A brilliant storyteller during the mid-twentieth century, Flannery O'Connor wrote intriguing tales of morality, ethics and religion. A Southern writer, she wrote in the Southern Gothic style, cataloging thirty-two short stories; the most well known being “A Good Man is Hard to Find.”
Mary Flannery O'Connor was born on March 25, 1925, in Savannah, Georgia. Raised in her mother's family home in Milledgeville, Georgia, she was the only child of Regina Cline and Edward Francis O'Connor, Jr. Although little is known about Mrs. O'Connor's early childhood, in Melissa Simpson's biography on O'Connor, Simpson states that O'Connor attended St. Vincent's Grammar School in Savannah where she would rarely play with the other children and spent most her time reading by herself. After fifth, grade, O'Connor transferred; to Sacred Heart Grammar School for Girls; some say the reason for the transfer was that it was a more prestigious school than the former. She later enrolled in Peabody High School in 1938, entered an accelerated program at Georgia State Collge for Women in the summer of 1942, and in 1946 she was accepted into the Iowa Writer's Workshop at the University of Iowa (4 Simpson). According to American Decades, O'Connor earned her masters degree from the University of Iowa with six short-stories that were published in the periodical Accent (n pg Baughman).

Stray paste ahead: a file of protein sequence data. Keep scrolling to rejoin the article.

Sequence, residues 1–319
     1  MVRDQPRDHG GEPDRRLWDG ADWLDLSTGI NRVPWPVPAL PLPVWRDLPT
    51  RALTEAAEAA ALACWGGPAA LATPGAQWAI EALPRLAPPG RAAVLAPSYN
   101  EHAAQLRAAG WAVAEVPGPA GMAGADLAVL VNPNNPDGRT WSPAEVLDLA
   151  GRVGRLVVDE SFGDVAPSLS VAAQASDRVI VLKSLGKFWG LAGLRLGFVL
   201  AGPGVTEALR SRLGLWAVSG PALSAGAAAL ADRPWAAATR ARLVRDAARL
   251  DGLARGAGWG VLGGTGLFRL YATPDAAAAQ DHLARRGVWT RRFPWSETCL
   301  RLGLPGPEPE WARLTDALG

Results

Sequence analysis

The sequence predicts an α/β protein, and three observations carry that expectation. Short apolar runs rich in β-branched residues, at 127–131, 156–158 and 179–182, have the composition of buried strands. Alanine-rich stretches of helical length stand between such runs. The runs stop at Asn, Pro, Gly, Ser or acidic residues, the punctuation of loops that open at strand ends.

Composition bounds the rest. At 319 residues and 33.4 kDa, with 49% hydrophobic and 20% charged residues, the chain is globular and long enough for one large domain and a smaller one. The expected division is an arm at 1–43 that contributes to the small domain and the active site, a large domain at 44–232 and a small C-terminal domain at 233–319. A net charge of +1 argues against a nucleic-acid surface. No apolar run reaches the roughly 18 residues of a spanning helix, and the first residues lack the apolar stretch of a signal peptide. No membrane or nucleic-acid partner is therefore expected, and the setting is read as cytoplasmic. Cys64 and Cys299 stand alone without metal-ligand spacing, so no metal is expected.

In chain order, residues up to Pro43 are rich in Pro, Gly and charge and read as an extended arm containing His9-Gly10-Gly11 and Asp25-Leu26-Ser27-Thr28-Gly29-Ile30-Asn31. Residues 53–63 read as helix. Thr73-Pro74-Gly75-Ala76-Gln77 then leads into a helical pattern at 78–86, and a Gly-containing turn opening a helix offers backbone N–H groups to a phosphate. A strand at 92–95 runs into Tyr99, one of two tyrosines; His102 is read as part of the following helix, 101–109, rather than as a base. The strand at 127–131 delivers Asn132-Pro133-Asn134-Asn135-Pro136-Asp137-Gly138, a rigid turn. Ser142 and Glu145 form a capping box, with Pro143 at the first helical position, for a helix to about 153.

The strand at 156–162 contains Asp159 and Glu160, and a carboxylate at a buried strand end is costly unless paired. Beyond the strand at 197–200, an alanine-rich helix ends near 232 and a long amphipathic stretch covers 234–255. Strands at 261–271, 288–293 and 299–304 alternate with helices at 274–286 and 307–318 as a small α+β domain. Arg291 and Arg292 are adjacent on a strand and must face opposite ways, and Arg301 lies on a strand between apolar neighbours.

After college, O'Connor's writing career continued. During her brief career as a writer, O'Connor contracted lupus in which she ultimately died. In Short Stories for Students, Kathleen Wilson states that while O’Connor was writing her first novel Wise Blood, which she started while attending the prestigious Yaddo writers’ colony, she suffered her first attack of lupus, a chronic, autoimmune disease. Wilson continues, telling how O’Connor wrote steadily through the 1950’s and her first novel Wise Blood was published in 1952. O’Connor would go on and win numerous awards, including three O. Henry Memorial Awards, a Ford Foundation grant and two honorary doctor’s degrees. Wilson finishes by telling of O’Connor’s death on August 3, 1964, at the age of 39 (Wilson 98). According to the St. James Encyclopedia of Popular Culture “O'Connor's work, though scant, generates the kind of critical attention that makes her, along with William Faulkner, Eudora Welty, Walker Percy, Truman Capote, and Tennessee Williams, one of the most notable figures in Southern literature” (n pg).
“A Good Man is Hard to Find” is a short-story from Flannery O'Connor's collection of the same name. ---- suggests that the story is an excellent introduction to O'Connor's fiction. Arguing that it exemplifies all the elements of O'Connor's work, it combines humor and horror, grotesque characters and that the characters are given an opportunity to accept God's grace (105). Elisabeth Piedmont-Marton sums up the story, describing it “...as a satire of a typical family vacation...”, further saying that “...it becomes a tale of coldblooded...